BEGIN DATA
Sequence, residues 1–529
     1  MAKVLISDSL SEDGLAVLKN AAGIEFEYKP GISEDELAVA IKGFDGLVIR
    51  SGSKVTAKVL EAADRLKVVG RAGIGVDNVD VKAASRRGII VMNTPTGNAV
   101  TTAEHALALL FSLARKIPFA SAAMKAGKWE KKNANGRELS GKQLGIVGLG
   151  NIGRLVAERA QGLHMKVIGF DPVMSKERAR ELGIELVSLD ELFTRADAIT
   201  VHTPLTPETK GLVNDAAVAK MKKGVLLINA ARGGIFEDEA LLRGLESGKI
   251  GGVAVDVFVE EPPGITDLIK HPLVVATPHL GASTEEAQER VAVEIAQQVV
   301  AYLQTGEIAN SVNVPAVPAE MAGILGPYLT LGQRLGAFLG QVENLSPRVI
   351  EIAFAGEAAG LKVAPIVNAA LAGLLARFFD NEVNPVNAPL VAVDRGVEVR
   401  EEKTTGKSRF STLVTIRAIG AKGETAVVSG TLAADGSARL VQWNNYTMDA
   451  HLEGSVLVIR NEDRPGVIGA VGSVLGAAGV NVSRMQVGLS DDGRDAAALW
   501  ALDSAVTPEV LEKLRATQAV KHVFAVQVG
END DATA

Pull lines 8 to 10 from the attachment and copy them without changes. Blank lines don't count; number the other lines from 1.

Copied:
   301  AYLQTGEIAN SVNVPAVPAE MAGILGPYLT LGQRLGAFLG QVENLSPRVI
   351  EIAFAGEAAG LKVAPIVNAA LAGLLARFFD NEVNPVNAPL VAVDRGVEVR
   401  EEKTTGKSRF STLVTIRAIG AKGETAVVSG TLAADGSARL VQWNNYTMDA